Akmatova remembers seeing her name in 2014 on the beneficiary list of the joint FAO/UN Women/WFP/IFAD project on women’s economic empowerment. Her plot size has tripled since then, and income from sales has allowed her to expand.

By multiplying the seeds given with the support of FAO, women supply 60 percent of the regional market with vegetables today. Their next step is to expand the food canning business. In addition, the self-help group has been able to support the local bakery, enabling families to buy bread.

“A lot was done, but a lot is still ahead,” Akmatova said. “On the eve of the International Women’s Day, I call for solidarity in standing for women’s rights and opportunities. Act together with other women; it works!”

Turkey: Revived business, revived dream

Sevgi Bal, born in 1981, is the chair of the Orhaneli women's cooperative in Bursa. The cooperative produces and serves traditional local food and dishes, such as Turkish bread, noodles,dried food, tomato paste and a variety of sauces. With support from FAO and the Government of Japan, she and the 20 women from the cooperative are about to receive the equipment they need to start full operation.

In 2017, she encouraged a number of women to cook and sell the Turkish delight baklava. The business went well but did not last, as the women were not skilled in marketing and lacked financial support.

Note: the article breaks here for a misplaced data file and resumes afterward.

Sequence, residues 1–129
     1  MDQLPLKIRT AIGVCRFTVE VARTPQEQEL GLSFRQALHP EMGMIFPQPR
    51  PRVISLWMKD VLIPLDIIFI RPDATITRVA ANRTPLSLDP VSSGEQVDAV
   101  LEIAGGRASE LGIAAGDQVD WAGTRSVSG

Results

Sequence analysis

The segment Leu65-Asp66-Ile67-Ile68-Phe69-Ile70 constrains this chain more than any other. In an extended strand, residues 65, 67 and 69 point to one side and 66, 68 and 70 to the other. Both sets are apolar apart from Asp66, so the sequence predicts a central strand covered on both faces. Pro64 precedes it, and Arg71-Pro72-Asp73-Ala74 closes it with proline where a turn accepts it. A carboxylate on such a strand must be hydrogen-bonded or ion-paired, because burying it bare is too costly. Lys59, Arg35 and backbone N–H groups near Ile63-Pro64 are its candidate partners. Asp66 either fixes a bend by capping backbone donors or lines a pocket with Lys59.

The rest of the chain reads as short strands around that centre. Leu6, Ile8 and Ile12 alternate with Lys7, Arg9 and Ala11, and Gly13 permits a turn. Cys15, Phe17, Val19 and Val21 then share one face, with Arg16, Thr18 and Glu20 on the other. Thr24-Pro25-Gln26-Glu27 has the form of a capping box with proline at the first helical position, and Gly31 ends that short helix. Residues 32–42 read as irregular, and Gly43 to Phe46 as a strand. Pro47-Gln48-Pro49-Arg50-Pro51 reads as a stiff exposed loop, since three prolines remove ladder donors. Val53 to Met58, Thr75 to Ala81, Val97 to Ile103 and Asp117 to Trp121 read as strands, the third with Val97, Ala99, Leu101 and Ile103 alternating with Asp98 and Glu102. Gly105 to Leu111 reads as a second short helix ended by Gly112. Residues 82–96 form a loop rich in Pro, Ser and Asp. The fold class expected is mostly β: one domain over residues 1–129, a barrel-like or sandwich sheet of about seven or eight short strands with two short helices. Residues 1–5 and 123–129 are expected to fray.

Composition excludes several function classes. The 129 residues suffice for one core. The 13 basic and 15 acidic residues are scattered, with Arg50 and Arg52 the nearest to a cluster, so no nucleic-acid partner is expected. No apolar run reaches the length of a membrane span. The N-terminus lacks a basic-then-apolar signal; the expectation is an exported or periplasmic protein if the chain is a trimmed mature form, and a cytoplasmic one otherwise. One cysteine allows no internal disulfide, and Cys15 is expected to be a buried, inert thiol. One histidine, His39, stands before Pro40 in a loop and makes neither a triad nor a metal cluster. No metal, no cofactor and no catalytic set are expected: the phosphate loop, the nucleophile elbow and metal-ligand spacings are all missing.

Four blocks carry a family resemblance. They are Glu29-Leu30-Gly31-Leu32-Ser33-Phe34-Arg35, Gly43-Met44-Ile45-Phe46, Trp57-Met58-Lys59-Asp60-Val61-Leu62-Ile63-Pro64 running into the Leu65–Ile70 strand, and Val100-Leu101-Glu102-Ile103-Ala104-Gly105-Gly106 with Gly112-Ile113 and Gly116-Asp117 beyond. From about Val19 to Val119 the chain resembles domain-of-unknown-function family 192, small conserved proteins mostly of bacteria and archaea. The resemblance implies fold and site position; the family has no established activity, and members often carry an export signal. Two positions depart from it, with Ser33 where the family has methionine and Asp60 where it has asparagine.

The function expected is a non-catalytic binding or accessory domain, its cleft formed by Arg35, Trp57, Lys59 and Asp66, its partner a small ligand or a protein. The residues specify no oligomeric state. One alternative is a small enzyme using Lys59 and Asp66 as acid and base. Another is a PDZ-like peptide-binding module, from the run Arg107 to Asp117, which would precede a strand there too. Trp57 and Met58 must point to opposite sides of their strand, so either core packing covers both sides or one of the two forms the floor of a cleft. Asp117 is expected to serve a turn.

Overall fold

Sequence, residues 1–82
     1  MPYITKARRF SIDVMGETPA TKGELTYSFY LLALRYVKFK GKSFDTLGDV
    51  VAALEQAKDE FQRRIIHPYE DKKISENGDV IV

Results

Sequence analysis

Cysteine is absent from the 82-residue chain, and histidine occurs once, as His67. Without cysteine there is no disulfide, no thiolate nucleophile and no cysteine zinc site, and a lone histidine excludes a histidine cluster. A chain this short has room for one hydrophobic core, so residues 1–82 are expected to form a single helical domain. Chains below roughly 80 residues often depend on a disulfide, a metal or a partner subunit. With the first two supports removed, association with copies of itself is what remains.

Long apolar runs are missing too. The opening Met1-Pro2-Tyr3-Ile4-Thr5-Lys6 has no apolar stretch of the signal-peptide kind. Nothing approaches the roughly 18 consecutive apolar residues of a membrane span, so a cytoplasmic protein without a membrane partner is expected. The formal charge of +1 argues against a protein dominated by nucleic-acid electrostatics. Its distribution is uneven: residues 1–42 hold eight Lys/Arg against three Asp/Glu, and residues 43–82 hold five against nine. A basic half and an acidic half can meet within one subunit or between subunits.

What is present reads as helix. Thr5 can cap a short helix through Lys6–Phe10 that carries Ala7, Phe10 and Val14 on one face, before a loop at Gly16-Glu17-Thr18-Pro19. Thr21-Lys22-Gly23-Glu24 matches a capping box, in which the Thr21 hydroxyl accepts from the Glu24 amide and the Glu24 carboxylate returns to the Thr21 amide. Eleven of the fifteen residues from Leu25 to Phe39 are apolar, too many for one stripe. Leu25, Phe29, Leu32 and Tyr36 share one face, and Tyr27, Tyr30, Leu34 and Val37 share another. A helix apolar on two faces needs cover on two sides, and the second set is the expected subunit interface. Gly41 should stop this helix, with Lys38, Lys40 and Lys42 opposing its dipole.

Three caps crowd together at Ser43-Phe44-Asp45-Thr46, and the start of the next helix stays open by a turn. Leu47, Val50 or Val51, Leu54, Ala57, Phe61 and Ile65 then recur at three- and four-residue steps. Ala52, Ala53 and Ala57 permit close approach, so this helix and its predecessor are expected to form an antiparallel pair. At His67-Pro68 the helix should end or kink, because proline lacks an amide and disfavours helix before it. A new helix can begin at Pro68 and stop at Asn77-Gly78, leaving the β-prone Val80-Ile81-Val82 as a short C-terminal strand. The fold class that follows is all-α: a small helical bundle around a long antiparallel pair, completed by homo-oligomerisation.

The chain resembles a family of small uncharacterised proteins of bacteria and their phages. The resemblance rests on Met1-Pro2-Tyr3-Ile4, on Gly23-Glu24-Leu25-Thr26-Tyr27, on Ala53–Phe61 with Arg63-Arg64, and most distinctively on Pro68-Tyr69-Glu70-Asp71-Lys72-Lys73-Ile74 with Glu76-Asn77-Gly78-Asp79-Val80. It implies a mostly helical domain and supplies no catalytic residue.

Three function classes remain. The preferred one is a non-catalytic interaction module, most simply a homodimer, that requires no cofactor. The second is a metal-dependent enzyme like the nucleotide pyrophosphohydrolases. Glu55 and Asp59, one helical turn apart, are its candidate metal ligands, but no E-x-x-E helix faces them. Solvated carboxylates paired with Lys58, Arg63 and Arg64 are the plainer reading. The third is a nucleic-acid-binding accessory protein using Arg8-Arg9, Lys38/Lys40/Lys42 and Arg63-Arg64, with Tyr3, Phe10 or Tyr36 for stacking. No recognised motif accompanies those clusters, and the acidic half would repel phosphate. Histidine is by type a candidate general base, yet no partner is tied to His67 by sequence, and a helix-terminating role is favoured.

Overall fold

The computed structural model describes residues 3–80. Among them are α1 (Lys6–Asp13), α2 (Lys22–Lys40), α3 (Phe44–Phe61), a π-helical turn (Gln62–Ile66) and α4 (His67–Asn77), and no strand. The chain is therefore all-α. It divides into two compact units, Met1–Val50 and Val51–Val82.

However, Bal decided to try again in 2020, and she and the other women are again producing nutritious food for community consumption.

Olena Driuk ©FAO/Viktoriia Mykhalchuk

COVID-19 changed their plans, she said, but it also helped their sales, as people in Bursa changed their habits to prioritize food over other spending.

With support from the Ministry of Education, the cooperative has established a room for childcare to ease the women’s burdens. The women-only cooperative gives them a chance to earn money during challenging times and has become a safe place to share problems and perspectives.

Ukraine: At the forefront of food safety

Olena Driuk, 57, has worked for ten years as a director and veterinarian-bacteriologist at the Guliaypole inter-district state laboratory of the State Service of Ukraine on Food Safety and Consumer Protection.

Her team of 15 women and three men conduct daily state sanitary-epidemiological examinations, checking drinking water quality and monitoring the spread of diseases. The laboratory also examines a variety of domestic animal diseases and checks the quality and safety of food in schools and catering establishments.

Driuk uses her microscope – received from FAO through a project funded by the European Union – to investigate anthrax and other bacteria.

“The work in the laboratory is stressful, needless to say, but life-saving,” she said. “On the eve of the International Women's Day, I want to wish inspiration to every woman. Inspired, you succeed. Persistence and strong will should become a new promoted norm for all women in Ukraine and the whole world."


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1. No poverty, 5. Gender equality, 8. Decent work and economic growth